In 2015, I predict that all marketers, even those who have fought so hard to ignore it, will finally realise that programmatic buying is not a fad; it’s not just the down ’n’ dirty performance driver many assumed it was and it most certainly isn’t creating a whole new pool of inventory for advertiser’s that wasn’t there before. What programmatic is going to mean to marketers everywhere can be summed up clearly and concisely in two words – better access.
Better access to data and clear pathways to executing upon it. Better access to a scaled variety of inventory and the reach that follows. Better access to ideas and practices that only the absolute largest of advertisers would have been able to contemplate a few years ago. Most importantly, and the culmination of all these factors, programmatic mechanisms provide better access to your target audience.
A second prediction for 2015 is the shift in education and understanding around what programmatic actually means and the pressure it will place on publishers to start creating new products, and revising existing opportunities for digital brand activity such as heavy rich media and video to be delivered within programmatic platforms. The ad technology itself is not really a problem; most of it has already been worked out and is in the market from a Direct Response perspective. It’s the supply side waking up to the future which is really going to change the game.
We saw Facebook acquire LiveRail in mid-2014 and then Yahoo bring in BrightRoll in November. The big players in the publisher arena know that it’s not acceptable to carve up your audience by a couple of demographic segments anymore. Everyone has come to expect the application of their own first party data to inform for their DR buys. They don’t see why they can’t do the same to get the most out of their branding dollars. The buying will most likely remain the same, but instead of sending over some creative assets and a tracker for the clicks and views, the Ops team will request a Deal ID to set up the next Month’s 4OD pre roll campaign (4OD started to open the programmatic pipes up at the start of the year).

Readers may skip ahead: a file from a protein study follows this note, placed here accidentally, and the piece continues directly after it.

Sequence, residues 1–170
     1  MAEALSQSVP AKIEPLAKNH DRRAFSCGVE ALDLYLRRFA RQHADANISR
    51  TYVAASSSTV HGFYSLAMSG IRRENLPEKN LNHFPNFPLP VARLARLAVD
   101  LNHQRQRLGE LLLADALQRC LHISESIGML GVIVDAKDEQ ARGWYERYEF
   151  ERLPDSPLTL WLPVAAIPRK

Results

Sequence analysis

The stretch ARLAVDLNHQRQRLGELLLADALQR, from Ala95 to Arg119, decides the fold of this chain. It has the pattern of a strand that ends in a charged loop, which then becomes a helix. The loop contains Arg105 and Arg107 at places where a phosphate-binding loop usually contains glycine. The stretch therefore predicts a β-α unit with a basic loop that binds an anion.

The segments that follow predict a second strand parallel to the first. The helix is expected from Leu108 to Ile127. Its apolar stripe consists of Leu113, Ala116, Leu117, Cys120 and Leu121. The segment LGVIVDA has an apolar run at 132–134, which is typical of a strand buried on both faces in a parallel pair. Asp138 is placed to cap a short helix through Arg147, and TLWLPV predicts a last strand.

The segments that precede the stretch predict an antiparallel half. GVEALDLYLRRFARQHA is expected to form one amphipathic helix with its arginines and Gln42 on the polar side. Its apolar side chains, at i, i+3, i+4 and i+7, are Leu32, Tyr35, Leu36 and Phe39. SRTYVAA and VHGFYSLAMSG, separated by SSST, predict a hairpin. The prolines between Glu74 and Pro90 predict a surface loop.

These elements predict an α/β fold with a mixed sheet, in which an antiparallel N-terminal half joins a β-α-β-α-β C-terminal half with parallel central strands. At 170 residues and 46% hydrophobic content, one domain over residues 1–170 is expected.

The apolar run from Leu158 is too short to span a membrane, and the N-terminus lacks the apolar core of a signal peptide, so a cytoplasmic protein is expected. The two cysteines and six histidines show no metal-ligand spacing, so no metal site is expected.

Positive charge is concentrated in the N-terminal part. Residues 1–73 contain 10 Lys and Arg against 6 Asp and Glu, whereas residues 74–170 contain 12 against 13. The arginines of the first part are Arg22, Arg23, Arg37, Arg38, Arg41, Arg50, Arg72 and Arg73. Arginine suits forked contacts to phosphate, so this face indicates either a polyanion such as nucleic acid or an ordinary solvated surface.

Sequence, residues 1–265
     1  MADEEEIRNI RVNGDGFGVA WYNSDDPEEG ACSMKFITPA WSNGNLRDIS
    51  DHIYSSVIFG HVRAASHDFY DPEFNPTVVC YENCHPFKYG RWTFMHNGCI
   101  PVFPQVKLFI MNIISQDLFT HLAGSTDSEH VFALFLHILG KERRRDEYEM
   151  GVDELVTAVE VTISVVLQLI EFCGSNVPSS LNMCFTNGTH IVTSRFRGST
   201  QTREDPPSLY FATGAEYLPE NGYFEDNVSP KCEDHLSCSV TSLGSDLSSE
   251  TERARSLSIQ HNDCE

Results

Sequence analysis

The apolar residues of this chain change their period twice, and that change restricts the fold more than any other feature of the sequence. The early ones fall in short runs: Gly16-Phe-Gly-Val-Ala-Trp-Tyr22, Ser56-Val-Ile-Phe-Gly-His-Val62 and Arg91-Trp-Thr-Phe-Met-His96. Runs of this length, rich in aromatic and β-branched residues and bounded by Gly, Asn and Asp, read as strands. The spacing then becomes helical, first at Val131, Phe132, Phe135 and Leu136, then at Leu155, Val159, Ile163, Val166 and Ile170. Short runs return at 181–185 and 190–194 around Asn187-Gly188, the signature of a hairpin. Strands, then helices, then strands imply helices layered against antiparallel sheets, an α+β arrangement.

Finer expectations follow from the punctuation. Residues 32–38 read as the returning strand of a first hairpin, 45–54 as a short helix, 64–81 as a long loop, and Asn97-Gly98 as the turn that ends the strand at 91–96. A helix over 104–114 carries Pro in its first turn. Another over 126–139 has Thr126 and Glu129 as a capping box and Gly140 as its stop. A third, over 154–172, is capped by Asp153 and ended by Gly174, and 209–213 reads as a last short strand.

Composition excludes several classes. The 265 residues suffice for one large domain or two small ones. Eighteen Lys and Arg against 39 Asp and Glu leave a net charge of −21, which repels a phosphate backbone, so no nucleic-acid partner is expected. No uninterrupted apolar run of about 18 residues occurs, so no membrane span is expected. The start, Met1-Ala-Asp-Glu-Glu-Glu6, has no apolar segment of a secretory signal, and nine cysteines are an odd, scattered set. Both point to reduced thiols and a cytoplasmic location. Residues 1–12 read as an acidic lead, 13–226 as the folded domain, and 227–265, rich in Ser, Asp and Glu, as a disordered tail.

My final programmatic prediction for 2015 is that all of us geeks who have been obsessing about programmatic for quite a while, will actually start to care more about the messaging and creative we are putting out there. As media practitioners, we are in a fight to give our brands the best opportunity to present themselves to their consumers. We are constantly looking for innovation to help us isolate the right person, at the right time, in the right place – but what’s the point if the ad itself doesn’t resonate and give that user a reason to believe.
I believe that media practitioners will become the advocates of flexible creative. It’s unlikely that many of us will have the skills to replace the copywriters or designers, but it is possible for us to enable them to do better work by pairing our analytical skills with the kind of automation and logic made possible through programmatic buying. Finally, if we can enable those designers and copywriters to deliver more relevant and better engaging ads, we can create greater value in the whole programmatic inventory chain. Better performance will drive higher CPMs, which encourages publishers to adopt and in turn will create more opportunities for programmatic brand activity.
Closing the loop on all three predictions, this year is going to be about rapid development of sales pitches and product packaging to realign with the changing appetite towards programmatically executed full funnel campaigns. Big publishers made their moves in 2014 to prepare for the brand money which is going to come with the condition of ‘but I want to apply my first party data.’ With the rest of the supply side watching on, a refocus on delivering well matched creative is going to increase the baseline of performance and value across the whole space.